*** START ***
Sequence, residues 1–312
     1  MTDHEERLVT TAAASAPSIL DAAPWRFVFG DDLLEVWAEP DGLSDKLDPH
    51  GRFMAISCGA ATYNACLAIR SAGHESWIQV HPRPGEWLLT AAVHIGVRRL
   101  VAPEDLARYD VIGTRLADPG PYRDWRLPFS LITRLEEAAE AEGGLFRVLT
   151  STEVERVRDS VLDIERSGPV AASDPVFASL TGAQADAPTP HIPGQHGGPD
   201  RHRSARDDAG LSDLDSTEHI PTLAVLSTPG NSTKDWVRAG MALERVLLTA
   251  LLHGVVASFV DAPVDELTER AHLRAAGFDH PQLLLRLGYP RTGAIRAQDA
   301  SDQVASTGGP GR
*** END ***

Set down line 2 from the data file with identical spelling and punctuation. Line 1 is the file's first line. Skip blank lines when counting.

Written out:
     1  MTDHEERLVT TAAASAPSIL DAAPWRFVFG DDLLEVWAEP DGLSDKLDPH